WASHINGTON (AP) — Woodrow Wilson made Americans citizens of the world by his words and deed.
The words rang out from his March 5, 1917, inaugural speech. The deed came a month later, when the U.S. declared war on Germany, ending its neutrality in the great conflict in Europe. American power was on the rise and a president who had campaigned to keep his nation out of war now was preparing for it.
"We are provincials no longer," Woodrow told the audience at his second inauguration. "There can be no turning back."
The Associated Press has been going back in history to finds its stories from inauguration days long ago. Here is an excerpt from AP's story on Wilson's inauguration, as it appeared on the front page of the Brownsville (Texas) Daily Herald that Monday, March 5. Also from the front page: A proposal for courtship without love and kisses.
PRESIDENT WILSON INAUGURATED 12:45: VAST VOLUMES OF CHEERING GREET PRESIDENT WHEN HE IS INAUGURATED 2ND TIME
(By Associated Press.)
WASHINGTON, D.C., Mar. 5. — Vast volumes of cheering greeted President Wilson when he was inaugurated at 12:45 o'clock this afternoon for the second time. He issued a solemn warning to the nation against any faction or intrigue to break the harmony or embarrass the spirit of the American people, and called for an America "united in feeling and in purpose, and its vision of duty, of opportunity and of service."
At the conclusion of his address, the president led the inaugural procession back to the White House, where it passed in review before him. Vice President Thomas Riley Marshall was inaugurated in the senate at 12:03.
The president was more carefully guarded during the inaugural ceremonies than any president since Lincoln. It was the first time since the inauguration of Lincoln that troops were used to guard the line of march. Then as now the country was at a great crisis.
Prior to Vice-President Marshall's taking the oath in the senate all the cabinet came in and sat beside President Wilson, this dispelling reports of possible cabinet changes. It is the custom for the president to bring only those who will serve in the coming term.
Marshall is the first vice-president to succeed himself since the present elective system was adopted.
Just before President Wilson began his address some one in the crowd started singing "America." The strains were taken up in a mighty chorus resounding over the assemblage. President Wilson smiled.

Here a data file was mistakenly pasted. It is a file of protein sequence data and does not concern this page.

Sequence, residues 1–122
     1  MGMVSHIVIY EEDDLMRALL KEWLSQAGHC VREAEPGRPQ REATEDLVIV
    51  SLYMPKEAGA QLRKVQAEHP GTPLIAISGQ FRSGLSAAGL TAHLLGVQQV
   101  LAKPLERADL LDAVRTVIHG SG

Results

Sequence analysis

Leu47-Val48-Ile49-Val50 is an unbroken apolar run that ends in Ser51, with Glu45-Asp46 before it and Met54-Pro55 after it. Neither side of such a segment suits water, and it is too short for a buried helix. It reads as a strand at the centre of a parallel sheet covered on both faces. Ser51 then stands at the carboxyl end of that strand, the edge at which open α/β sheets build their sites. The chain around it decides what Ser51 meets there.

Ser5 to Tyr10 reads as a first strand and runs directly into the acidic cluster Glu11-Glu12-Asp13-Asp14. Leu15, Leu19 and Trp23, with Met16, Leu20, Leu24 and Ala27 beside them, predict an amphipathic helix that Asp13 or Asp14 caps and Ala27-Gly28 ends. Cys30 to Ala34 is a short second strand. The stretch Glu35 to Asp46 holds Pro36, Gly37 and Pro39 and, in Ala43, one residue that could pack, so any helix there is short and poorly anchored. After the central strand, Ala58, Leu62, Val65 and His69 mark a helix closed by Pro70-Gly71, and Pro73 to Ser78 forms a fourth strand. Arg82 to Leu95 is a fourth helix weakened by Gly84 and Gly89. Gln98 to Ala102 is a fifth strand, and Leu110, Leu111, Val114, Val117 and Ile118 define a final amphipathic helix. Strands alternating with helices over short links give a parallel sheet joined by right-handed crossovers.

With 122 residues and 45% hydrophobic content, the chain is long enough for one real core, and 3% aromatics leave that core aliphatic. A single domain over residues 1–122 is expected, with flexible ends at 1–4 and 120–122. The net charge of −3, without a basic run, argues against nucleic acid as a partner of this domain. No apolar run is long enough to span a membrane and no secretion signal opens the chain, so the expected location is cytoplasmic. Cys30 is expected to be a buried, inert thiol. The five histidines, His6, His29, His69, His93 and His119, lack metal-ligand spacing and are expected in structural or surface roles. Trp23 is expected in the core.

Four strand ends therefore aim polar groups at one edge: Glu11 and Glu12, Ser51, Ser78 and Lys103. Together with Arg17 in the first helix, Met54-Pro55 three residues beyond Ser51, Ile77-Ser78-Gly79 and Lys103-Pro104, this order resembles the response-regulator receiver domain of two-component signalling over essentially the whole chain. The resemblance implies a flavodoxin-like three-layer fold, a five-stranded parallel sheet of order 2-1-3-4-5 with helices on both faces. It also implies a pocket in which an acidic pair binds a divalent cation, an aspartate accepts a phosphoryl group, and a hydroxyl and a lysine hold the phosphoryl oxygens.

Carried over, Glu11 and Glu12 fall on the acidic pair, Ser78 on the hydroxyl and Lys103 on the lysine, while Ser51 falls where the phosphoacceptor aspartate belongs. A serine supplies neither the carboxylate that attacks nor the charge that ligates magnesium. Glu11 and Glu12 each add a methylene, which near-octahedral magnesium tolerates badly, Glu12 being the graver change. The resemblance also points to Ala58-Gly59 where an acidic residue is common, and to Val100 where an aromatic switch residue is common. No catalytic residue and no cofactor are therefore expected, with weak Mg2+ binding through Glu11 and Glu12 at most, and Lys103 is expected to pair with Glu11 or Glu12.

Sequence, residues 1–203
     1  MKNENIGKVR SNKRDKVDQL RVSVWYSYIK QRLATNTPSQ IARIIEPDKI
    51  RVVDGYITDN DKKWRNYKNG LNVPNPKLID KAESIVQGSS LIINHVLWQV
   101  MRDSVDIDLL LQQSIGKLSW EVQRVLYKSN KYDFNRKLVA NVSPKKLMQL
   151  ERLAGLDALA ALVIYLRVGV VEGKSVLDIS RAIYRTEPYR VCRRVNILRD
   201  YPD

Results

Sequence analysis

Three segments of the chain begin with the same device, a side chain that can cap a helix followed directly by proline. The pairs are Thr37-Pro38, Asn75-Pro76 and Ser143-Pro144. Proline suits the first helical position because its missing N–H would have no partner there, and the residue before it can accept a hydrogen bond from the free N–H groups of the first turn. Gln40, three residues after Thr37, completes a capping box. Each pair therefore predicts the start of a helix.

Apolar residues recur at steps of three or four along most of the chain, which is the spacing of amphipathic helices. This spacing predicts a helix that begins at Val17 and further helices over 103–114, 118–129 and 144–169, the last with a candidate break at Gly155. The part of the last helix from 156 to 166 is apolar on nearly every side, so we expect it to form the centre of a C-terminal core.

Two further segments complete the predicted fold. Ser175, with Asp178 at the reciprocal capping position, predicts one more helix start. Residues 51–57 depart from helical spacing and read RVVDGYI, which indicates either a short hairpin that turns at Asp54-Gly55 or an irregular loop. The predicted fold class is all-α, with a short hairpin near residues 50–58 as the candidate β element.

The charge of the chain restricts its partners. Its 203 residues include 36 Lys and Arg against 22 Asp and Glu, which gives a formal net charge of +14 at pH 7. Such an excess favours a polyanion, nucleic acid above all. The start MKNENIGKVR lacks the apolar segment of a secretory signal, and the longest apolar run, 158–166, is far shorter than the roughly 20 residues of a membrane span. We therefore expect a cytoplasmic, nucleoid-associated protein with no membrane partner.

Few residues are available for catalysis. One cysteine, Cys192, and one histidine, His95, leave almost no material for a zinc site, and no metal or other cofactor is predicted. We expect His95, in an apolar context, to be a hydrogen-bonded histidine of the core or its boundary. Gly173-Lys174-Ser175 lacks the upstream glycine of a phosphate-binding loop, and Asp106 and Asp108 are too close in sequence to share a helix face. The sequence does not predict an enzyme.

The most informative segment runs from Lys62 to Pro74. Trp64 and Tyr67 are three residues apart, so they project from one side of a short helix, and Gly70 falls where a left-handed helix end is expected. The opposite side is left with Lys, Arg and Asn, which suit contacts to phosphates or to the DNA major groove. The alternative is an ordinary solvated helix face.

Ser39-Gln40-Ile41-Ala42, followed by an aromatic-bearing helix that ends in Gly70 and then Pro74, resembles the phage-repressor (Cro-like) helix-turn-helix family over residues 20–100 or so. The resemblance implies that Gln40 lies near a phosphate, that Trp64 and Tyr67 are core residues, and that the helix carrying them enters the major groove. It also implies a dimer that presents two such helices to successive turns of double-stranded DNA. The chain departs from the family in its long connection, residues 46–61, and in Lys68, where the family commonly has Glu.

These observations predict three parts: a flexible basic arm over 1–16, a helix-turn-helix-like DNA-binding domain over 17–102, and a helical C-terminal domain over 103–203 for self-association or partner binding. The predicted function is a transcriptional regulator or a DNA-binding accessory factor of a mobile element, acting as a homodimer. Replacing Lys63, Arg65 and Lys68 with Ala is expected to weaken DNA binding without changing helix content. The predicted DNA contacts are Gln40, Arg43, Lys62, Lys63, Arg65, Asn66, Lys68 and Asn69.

A cold, strong wind made it impossible for many away from the stand to hear the president speak. He began speaking with his head bared, but put on his hat owing to the cold wind. Many others stood bareheaded.
Prolonging cheers followed the completion of the address.
The crowd was more orderly than usual at inaugurals, the police having no trouble to keep them from pushing to the stand.
The president's carriage was drawn by four horses. Senators Overman and Smith of Georgia rode with President Wilson and his wife. The carriage was entirely surrounded by troops, police and secret service men.
During the march back to the White House people in the reviewing stands rose and cheered the president like fans at a baseball game.
President Wilson made his second inaugural today the occasion for announcing a new world policy for the United States of "co-operation in the wide and universal forces of mankind."
Declaring there are "many things to be done at home," the president added:
"But we realize that the greatest things that remain to be done must be done with the world for a stage. They will follow in the immediate wake of war itself and will get civilization up again.
He continued: "We are provincials no longer. The tragic events of the last thirty months have made us citizens of the world. There can be no turning back." ...
Also on the front page: In an AP story from Chicago, Dr. Charles J. Kurtz advocates "kissless courtship" in a speech to the YMCA on "How to Choose a Wife."
"He said the way to propose was not, 'Will you be mine?' but 'Are you willing to be the mother of my children?" the report related. "Before propounding this question he said the young woman should be studied and that the mating impulses should be intellect and not love."
NEXT: Harry Truman